• The backstory: "The Senate Judiciary Committee [chaired by Sen. Chuck Grassley] has launched an investigation into a Russian nuclear bribery case ... During his 2016 campaign, Trump frequently cited the deal for the uranium ... and has returned to the issue at rallies during his presidency."

6. The ethanol empire strikes back

Ethanol is hot like it's the Iowa caucuses. It may be October in an off-cycle year, but President Trump is suddenly facing unusually intense pressure from Midwestern politicians and ethanol companies to keep his campaign promises on this issue, Axios' Amy Harder writes in her weekly "Harder Line" energy column:

  • What's next: The EPA faces a Nov. 30 deadline to issue quotas for how much biofuels refineries must blend into the gasoline supply. Iowa Gov. Kim Reynolds, a Republican, visits Washington this week and has meetings planned with Vice President Mike Pence and EPA Administrator Scott Pruitt. The oil refining industry will also be scrambling.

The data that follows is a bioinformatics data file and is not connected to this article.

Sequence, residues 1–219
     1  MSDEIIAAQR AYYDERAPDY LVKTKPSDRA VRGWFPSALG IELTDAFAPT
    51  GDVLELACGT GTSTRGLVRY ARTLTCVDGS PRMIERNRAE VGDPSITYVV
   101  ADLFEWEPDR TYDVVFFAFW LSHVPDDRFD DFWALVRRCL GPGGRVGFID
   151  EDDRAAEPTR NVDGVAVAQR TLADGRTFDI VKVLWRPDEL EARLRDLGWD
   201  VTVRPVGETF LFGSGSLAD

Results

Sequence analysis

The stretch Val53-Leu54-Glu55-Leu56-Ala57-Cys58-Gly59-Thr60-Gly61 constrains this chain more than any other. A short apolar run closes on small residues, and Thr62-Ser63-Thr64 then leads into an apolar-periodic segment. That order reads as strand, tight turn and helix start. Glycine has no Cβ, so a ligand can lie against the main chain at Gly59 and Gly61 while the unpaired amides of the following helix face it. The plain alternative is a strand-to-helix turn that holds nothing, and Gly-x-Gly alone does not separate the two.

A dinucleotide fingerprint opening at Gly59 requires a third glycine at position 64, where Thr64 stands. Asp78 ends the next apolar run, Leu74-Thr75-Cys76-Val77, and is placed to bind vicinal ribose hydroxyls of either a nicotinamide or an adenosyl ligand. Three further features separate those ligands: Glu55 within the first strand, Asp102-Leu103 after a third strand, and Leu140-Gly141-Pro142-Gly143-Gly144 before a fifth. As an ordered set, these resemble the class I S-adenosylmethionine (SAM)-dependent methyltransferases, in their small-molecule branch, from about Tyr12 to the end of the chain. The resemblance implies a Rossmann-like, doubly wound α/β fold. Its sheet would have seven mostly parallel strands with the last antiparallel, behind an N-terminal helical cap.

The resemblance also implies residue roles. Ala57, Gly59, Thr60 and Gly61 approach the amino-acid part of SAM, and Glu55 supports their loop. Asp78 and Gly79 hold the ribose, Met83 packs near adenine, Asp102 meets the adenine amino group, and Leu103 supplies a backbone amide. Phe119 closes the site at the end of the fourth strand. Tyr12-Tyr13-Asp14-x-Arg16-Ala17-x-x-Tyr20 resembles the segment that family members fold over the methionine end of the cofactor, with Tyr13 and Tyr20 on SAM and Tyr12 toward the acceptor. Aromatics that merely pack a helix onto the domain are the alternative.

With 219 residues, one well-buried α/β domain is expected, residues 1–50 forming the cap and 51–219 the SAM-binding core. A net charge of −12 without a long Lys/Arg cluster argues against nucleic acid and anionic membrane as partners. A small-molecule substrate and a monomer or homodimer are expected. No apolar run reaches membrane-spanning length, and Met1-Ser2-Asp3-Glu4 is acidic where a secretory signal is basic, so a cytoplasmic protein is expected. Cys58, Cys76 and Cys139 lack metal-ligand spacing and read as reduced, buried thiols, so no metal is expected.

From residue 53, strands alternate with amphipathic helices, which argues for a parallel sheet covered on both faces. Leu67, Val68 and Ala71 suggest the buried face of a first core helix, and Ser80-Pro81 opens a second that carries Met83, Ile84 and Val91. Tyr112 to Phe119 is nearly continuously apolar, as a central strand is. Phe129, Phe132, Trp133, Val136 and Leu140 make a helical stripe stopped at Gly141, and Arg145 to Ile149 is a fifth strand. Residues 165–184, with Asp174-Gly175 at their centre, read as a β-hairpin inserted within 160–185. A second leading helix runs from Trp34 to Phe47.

• Go deeper: Amy's "Fights du jour."

7. Who needs me today?

Sen. Ben Sasse (R-Neb.) tweeted a Scientific American article that's worth pondering during your commute ... "The Secret to a Better Night's Sleep: A Sense of Purpose? Intriguing new research suggests a positive sleep role for a meaningful life":

Developing a sense of purpose in life may simultaneously convey other benefits ... in addition to better sleep. Research has linked experiencing purpose in life to a variety of other positive outcomes including better brain functioning, reduced risk of heart attack, and even a higher income. A person with a greater sense of purpose in their life would surely be better off while also serving as a positive example in the lives of those they know.